It is not unusual for commercial leases to state that a tenant must ‘put and keep their demised premises in good repair and condition’. This covenant can require the tenant to leave the premises in a better condition than at the start of the tenancy, potentially exposing them to unexpected costly repairs.
When leases contain this covenant, the landlord can serve a notice, called a schedule of dilapidations, both during and at the end of the term of the lease, listing items that are in disrepair and requiring the tenant to rectify them. Often the cost of carrying out the required works to bring the condition of the premises up to the level required in the lease can be significant.
There is also a risk that the landlord could look to bring a dilapidations claim after the lease expires if the property is handed back in a condition that does not comply with the tenant covenant.
A dilapidations claim is essentially a damages claim against the tenant, designed to compensate the landlord for any loss. Damages are limited to the diminution in value the landlord has suffered by the tenant failing to comply with the repairing covenants in the lease, but the costs claimed are often significant.
To minimise the risk to tenants, it is becoming more common to limit the repair covenant in the lease by agreeing a schedule of condition.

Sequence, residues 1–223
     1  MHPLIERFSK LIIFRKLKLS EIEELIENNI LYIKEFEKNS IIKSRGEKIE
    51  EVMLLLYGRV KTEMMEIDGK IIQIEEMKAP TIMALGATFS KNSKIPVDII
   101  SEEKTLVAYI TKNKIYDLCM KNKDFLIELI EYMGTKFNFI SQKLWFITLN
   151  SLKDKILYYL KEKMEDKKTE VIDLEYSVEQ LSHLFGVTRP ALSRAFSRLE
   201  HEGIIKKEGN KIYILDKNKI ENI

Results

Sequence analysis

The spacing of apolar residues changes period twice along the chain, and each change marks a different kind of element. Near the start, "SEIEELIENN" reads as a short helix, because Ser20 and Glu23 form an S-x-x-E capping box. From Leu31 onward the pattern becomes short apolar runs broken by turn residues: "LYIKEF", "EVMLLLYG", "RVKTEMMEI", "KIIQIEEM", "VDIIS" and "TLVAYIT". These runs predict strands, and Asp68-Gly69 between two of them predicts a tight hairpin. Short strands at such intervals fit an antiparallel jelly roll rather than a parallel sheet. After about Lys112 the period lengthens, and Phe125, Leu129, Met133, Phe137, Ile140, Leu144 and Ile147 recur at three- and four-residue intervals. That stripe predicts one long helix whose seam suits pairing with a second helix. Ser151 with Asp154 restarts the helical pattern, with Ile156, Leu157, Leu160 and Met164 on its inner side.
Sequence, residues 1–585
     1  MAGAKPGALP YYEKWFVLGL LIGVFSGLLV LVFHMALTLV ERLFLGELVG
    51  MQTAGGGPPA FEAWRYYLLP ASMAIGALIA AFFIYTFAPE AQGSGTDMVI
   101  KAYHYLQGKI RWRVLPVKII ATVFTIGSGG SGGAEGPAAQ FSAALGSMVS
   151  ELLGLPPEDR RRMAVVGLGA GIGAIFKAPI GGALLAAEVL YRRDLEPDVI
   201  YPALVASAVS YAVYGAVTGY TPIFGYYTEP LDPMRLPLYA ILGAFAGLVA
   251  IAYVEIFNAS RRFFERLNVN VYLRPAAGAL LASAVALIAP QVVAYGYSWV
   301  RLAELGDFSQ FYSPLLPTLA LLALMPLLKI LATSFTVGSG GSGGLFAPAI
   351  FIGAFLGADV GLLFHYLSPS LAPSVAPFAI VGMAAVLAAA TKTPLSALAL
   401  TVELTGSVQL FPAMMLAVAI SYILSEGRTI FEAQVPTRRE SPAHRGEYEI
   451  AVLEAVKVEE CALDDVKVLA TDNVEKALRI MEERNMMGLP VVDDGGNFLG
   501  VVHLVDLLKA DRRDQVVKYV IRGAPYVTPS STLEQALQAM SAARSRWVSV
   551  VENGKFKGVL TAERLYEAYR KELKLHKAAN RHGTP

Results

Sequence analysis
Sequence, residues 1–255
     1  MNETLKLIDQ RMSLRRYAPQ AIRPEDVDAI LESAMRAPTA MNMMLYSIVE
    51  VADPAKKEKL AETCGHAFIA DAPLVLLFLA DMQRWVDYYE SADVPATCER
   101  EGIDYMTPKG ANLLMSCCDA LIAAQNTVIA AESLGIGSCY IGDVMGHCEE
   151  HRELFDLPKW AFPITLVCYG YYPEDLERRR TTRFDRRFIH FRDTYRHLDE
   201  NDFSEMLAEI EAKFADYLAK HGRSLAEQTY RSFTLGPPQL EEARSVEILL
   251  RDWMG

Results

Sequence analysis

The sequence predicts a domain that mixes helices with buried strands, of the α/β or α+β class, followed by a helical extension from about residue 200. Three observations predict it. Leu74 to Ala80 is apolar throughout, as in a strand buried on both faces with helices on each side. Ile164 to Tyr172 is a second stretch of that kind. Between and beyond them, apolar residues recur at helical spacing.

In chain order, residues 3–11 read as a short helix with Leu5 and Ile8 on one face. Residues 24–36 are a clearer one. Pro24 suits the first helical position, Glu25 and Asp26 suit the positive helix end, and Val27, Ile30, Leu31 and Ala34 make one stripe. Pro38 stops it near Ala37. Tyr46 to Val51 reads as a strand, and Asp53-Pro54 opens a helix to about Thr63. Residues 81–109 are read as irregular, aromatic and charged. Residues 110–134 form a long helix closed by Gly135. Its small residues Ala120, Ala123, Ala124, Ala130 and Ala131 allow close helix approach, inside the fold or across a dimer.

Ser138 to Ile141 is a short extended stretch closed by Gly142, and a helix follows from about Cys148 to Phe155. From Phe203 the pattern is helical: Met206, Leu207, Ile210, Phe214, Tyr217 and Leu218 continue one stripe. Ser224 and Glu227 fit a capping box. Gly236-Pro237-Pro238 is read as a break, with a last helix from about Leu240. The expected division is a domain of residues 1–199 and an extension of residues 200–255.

A schedule of condition is essentially a report, which documents the state of repair and condition of the premises when they are first occupied by the tenant.
The schedule is attached to the lease and the repair covenant is amended so that the tenant is not required to put or keep the premises in any better state of repair than that set out in the schedule of condition.
We advise that a schedule of condition is prepared by a surveyor as the more comprehensive the report, the more likely it will benefit the tenant in the future, avoiding the need for a schedule of dilapidations or a potential dilapidations claim.
A surveyor will document the property in detail including a number of photographs of the premises and full descriptions of property condition.
For tenants, a schedule of condition can provide great peace of mind that they can’t be held responsible for repairs that are above and beyond those required to return the property in its original condition.
If you have any queries regarding a lease that you are looking to enter into or if you require advice on any commercial property matter, whether as a landlord or tenant, call 01782 205000 or email email@example.com